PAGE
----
The 2016 Louis Néel Medal is awarded to Philip Meredith for his many contributions in rock physics and geomechanics, which are of a fundamental and profound nature, and for his role in stimulating international collaboration and interdisciplinary research.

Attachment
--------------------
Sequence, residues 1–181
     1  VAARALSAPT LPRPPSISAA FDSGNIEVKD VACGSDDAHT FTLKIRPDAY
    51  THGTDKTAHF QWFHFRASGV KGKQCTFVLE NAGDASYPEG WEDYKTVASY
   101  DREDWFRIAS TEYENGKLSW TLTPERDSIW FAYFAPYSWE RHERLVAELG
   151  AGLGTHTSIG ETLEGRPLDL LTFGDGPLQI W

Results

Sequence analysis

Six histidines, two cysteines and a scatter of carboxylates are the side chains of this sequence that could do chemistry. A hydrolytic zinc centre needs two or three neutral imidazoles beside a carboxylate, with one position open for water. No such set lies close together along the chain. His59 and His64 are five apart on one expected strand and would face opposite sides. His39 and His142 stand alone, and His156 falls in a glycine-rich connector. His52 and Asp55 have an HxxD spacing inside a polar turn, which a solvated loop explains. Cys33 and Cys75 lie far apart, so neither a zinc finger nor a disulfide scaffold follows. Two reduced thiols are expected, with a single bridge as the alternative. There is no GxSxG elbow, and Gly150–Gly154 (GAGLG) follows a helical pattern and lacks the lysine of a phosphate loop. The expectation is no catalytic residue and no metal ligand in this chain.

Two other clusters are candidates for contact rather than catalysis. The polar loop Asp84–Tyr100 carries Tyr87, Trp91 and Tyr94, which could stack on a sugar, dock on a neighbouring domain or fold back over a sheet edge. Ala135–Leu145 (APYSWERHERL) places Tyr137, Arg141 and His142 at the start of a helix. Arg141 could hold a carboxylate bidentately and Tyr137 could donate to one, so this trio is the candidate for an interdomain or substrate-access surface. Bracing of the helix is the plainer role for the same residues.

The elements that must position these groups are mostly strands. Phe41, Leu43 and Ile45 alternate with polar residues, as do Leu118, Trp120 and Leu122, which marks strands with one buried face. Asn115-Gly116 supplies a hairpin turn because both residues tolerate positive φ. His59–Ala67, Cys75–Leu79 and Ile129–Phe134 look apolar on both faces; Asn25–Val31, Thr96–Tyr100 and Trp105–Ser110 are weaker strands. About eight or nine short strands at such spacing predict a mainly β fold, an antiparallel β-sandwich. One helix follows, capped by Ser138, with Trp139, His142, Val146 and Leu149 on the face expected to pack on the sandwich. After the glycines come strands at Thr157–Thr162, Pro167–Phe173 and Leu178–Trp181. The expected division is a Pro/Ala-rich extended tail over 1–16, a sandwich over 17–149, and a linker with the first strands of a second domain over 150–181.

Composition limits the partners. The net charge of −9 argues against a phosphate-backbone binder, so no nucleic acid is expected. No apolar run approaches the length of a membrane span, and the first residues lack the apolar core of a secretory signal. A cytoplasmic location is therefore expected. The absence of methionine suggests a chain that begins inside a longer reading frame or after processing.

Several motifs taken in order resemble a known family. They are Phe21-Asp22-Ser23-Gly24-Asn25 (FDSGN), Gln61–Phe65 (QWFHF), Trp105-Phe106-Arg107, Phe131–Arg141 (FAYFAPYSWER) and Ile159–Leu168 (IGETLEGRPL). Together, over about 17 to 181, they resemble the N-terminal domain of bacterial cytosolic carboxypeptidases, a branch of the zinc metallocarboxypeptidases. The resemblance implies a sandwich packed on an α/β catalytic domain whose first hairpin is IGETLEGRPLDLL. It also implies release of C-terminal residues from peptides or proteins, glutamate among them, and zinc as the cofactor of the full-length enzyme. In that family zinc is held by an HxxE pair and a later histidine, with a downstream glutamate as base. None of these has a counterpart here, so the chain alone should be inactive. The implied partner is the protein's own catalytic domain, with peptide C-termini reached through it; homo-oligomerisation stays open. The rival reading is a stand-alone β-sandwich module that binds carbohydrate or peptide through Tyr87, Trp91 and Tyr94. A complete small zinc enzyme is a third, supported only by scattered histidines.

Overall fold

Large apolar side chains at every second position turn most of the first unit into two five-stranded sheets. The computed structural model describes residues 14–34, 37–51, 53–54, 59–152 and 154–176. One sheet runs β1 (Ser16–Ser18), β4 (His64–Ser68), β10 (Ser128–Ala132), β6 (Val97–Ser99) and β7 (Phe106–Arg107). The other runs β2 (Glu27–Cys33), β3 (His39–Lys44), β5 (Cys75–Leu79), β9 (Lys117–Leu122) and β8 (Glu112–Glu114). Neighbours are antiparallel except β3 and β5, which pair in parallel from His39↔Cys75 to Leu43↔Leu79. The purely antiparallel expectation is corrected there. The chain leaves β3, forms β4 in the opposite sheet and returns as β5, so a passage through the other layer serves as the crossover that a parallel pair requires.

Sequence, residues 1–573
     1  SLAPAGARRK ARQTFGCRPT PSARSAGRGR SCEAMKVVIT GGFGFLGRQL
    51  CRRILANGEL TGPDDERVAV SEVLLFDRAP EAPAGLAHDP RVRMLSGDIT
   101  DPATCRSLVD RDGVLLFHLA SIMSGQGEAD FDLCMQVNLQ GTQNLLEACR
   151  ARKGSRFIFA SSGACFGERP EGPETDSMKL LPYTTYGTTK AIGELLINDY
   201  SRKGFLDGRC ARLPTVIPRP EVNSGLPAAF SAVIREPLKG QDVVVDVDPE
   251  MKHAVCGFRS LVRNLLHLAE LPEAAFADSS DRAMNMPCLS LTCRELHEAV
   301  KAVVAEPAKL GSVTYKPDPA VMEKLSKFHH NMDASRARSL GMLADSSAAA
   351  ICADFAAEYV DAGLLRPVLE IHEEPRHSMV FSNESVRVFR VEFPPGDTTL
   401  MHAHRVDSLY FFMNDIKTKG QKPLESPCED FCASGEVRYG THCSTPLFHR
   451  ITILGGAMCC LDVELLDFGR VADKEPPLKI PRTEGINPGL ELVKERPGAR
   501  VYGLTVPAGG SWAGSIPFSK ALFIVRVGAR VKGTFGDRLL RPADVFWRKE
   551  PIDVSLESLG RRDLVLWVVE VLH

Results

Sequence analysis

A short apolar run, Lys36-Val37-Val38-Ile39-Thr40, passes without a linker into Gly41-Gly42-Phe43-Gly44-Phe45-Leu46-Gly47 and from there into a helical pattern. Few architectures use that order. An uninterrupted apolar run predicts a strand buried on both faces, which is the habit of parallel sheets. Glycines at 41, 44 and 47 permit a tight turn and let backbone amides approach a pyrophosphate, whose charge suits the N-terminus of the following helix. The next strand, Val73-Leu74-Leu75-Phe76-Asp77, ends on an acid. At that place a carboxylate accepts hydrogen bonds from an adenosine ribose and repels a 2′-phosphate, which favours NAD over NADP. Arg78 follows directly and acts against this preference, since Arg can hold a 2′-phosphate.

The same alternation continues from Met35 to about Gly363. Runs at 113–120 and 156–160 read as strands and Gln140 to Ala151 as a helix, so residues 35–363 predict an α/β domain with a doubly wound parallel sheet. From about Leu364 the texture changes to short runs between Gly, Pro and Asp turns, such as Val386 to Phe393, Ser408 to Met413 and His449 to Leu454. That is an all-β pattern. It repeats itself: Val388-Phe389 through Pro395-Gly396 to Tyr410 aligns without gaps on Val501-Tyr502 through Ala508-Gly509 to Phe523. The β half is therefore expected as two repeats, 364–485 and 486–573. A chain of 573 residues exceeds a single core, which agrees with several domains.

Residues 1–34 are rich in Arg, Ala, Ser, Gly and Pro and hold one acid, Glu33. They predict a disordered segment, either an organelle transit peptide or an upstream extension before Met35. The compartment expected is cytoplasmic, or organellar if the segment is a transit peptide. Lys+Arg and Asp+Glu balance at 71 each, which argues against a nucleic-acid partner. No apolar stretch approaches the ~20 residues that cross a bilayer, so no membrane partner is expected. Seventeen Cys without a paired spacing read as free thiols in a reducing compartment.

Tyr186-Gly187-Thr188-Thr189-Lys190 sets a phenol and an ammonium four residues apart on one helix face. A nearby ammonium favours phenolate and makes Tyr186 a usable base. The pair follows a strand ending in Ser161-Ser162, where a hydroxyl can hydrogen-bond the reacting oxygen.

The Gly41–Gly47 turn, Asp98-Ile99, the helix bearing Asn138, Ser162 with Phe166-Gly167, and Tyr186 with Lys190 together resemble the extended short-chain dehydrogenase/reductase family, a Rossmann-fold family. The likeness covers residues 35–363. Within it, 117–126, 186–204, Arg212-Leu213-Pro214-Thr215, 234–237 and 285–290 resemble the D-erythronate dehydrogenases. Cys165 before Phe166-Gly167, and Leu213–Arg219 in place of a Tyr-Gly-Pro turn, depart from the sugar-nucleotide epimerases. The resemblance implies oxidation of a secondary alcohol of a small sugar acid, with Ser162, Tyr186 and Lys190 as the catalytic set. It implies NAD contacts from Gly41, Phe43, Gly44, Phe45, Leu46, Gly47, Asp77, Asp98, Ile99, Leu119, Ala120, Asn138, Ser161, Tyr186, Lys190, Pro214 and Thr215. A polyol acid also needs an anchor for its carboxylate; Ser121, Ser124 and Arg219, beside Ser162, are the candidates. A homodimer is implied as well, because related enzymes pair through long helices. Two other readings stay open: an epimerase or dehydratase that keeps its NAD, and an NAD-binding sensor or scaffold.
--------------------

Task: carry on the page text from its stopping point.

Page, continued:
Philip Meredith has made fundamental and seminal contributions in experimental rock physics, in relation to a diversity of basic and applied problems in crustal dynamics, natural energy resources and volcanology. A major theme of Meredith’s research for over three decades has been the time-dependent behaviour of brittle rock deformation. A key mechanism that contributes to such time dependence is subcritical crack growth. Meredith was instrumental in defining the experimental protocol for the fracture mechanics investigation of this phenomenon. With Barry Atkinson, he conducted some of the most careful and systematic investigations in the laboratory. Their collaboration culminated in the monograph on Fracture Mechanics of Rock, which is recognised as the definitive work in this area. Then Meredith made important contributions in two related geomechanics problems on different scales. First, his group conducted a comprehensive investigation of acoustic emission activity in relation to the development of failure, and in particular, the temporal characteristics and connection with subcritical crack growth. In collaboration with Ian Main, he synthesised the laboratory data and proposed a number of innovative ideas regarding the temporal evolution of seismicity and underlying mechanisms. Second, his group recently undertook a systematic investigation of the ‘brittle creep’ behaviour of reservoir rocks. These investigations have elucidated the overall behaviour in relation to dilatant and compactant failure, as well as the micromechanical bases. A second theme of Meredith’s research has been the brittle failure and fracture mechanics characteristics of rocks under elevated temperatures, with a focus on volcanological and geothermal applications. These studies have provided important constraints on the dynamics of volcanic system and related seismicity. In his research, he has been proactive in linking colleagues of multiple disciplines located worldwide, including Europe, North America and Japan. He has been particularly effective in mentoring tens of doctoral students and postdoctoral fellows, many of whom have successfully established their careers in academia and industry all over the world.